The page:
The Australian

by Jill Rowbotham

Dropping rankings from journals for the next round of the Excellence in Research for Australia audit was the correct decision, according to a leading thinker on metrics in higher education. Ellen Hazelkorn, Dublin Institute of Technology's director of research and enterprise in the higher education policy unit, says the Australian Research Council was right to drop the designated A* to C rankings assigned to the 22,000 journals used in the bibliometrics for ERA.

According to Professor Hazelkorn, best known for her work on global university rankings, there are serious doubts about the role of journals in academic culture.

Although there were relatively few complaints about rankings being wrongly assigned, they were bitter and persistent, arguably distracting from an exercise that on the whole had been judged effective and worthwhile by higher education leaders in Australia.

But Professor Hazelkorn argued the relevance of a broader debate about journals in a world of accelerating change.

"Journals, their editors and their reviewers can be extremely conservative," Professor Hazelkorn said. "They act as gatekeepers and can often unintentionally discourage intellectual risk-taking. Indeed, it could be argued that the soaring number of journals is a response to the increasing complexity of knowledge."

This proliferation might be an acknowledgment that there were many legitimate ways of thinking or could be a reaction to the perception that journals were closed shops to contrary viewpoints or methodologies.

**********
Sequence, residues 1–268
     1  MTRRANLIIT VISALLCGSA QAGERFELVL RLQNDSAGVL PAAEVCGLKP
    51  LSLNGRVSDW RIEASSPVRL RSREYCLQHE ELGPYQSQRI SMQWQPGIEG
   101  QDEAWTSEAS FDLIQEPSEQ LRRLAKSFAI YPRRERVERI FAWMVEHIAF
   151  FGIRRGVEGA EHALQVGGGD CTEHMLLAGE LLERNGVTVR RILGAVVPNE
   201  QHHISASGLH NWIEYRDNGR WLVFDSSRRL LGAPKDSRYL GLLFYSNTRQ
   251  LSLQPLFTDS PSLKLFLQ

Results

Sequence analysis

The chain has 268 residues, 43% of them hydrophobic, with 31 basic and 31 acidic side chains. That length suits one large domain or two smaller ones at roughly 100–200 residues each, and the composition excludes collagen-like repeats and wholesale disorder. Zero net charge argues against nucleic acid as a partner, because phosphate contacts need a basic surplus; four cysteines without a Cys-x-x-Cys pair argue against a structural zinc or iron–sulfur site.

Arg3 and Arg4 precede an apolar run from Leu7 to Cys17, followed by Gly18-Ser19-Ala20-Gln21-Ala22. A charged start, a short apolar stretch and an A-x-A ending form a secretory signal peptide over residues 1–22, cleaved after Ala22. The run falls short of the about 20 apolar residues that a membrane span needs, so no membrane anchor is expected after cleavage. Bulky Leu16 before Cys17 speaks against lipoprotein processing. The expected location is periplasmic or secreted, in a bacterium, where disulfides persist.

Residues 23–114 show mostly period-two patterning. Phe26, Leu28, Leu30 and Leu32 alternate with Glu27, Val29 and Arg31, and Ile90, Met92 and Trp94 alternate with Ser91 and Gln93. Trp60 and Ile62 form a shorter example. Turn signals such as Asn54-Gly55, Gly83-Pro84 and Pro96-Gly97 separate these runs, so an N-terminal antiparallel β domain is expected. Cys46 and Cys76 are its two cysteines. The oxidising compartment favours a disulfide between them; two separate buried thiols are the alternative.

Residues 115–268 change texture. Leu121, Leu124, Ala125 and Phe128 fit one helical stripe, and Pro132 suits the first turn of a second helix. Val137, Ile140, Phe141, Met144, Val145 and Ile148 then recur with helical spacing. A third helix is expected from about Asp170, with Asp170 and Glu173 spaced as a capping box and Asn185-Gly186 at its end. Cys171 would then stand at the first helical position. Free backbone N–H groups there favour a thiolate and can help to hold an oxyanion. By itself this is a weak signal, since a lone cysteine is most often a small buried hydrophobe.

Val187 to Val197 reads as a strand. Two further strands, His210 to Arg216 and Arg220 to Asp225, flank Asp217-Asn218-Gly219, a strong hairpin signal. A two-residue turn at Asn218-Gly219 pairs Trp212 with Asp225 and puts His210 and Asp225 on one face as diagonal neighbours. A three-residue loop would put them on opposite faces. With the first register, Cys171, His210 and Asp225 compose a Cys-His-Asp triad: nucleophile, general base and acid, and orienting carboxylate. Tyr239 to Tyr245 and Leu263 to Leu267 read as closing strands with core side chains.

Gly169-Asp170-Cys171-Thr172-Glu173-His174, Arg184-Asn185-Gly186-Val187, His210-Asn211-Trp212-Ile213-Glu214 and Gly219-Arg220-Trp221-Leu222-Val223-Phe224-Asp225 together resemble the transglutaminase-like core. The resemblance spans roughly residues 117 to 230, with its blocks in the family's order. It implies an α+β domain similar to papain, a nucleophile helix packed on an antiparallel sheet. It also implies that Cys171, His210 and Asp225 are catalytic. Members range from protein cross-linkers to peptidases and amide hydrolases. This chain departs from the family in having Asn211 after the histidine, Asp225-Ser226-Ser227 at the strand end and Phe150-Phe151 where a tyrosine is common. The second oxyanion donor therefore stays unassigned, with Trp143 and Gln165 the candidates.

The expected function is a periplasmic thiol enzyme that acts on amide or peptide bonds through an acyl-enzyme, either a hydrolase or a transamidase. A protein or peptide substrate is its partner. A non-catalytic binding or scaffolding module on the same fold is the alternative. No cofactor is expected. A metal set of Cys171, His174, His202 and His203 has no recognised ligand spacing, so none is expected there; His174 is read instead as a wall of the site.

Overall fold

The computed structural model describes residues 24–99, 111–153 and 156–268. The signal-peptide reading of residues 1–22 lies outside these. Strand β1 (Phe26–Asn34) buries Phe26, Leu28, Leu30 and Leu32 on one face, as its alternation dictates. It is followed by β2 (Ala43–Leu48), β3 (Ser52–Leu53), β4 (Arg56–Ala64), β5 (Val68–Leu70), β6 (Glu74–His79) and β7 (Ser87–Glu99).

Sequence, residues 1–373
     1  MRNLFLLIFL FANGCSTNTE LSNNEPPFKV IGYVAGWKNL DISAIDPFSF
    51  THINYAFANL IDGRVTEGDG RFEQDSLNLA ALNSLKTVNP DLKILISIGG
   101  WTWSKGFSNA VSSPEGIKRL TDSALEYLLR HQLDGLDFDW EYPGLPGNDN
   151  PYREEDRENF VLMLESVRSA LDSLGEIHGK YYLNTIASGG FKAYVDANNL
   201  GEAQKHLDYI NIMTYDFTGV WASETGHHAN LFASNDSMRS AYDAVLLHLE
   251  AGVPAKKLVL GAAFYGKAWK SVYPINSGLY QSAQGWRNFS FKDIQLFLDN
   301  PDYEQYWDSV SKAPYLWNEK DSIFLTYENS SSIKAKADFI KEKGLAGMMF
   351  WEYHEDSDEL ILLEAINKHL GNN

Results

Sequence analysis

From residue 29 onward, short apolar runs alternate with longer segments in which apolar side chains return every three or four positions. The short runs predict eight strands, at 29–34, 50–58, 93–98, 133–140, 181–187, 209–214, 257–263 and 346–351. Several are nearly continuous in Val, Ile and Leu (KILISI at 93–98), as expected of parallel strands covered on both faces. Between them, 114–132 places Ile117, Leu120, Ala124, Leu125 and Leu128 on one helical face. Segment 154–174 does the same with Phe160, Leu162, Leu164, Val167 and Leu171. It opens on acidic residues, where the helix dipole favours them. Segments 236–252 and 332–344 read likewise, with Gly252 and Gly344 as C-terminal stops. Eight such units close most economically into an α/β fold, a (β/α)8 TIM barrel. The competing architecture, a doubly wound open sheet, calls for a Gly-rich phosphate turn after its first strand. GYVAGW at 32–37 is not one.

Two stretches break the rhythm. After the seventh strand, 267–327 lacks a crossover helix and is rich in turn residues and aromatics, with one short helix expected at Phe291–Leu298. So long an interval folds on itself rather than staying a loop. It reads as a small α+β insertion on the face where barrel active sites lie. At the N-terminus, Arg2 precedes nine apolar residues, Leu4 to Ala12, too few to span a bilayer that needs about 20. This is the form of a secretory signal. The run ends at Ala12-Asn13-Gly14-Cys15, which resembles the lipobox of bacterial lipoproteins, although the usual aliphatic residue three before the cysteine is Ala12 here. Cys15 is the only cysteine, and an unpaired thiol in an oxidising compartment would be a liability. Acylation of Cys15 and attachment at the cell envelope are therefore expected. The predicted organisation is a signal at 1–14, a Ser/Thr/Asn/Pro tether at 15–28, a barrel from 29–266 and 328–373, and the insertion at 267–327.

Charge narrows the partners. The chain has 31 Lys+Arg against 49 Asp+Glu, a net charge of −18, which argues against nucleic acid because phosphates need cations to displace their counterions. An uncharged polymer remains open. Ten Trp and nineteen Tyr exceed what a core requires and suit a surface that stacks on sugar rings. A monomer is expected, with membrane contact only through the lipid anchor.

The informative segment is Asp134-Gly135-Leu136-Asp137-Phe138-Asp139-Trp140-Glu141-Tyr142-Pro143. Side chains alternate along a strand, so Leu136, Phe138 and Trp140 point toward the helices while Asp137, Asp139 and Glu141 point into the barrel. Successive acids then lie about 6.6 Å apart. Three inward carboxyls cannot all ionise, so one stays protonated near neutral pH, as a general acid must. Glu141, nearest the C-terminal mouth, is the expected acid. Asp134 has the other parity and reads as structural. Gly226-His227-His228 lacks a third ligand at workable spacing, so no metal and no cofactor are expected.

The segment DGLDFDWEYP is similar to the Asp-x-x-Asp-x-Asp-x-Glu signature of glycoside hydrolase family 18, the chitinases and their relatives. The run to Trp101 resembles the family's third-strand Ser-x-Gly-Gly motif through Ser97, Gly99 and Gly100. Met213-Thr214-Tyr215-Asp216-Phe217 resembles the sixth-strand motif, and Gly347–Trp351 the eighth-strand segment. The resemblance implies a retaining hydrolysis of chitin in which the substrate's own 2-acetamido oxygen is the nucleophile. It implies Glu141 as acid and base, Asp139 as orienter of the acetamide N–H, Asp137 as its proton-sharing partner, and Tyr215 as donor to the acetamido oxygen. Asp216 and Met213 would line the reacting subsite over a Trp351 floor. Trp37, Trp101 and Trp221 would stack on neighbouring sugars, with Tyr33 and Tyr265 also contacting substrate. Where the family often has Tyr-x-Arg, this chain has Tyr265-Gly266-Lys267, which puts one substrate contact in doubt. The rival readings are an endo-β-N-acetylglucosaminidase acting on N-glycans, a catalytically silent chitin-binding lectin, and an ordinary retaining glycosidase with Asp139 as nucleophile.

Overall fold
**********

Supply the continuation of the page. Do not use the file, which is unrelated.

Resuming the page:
Academic status and reputation were "so tied up with particular journals, the practice can assert a hierarchy of knowledge and disciplinary values [that] endorse a traditional world order, privileging some researchers and their universities over others".

Another problem was an over-reliance on peer review to measure research impact.

"Impact is perceived simply as that which is read within the academic community rather than impact on society," she said. "Many articles are published, but how many actually have beneficial value for society?

"Assessment should go beyond simply reviewing what one academic has written and another has read.

"Today, policy-makers and the wider society want to know how the research can be used to solve major societal and global challenges."

This argument is gaining increasing currency. US Studies Centre chief operating officer Sean Gallagher wrote in last week's HES that assessments of university quality lacked a measure for inter-disciplinary research. "With such strategic importance placed on interdisciplinary research by the world's best universities, along with society's heavy expectations, the pressure will increase on global university rankings to measure a university's IDR performance alongside its disciplinary output."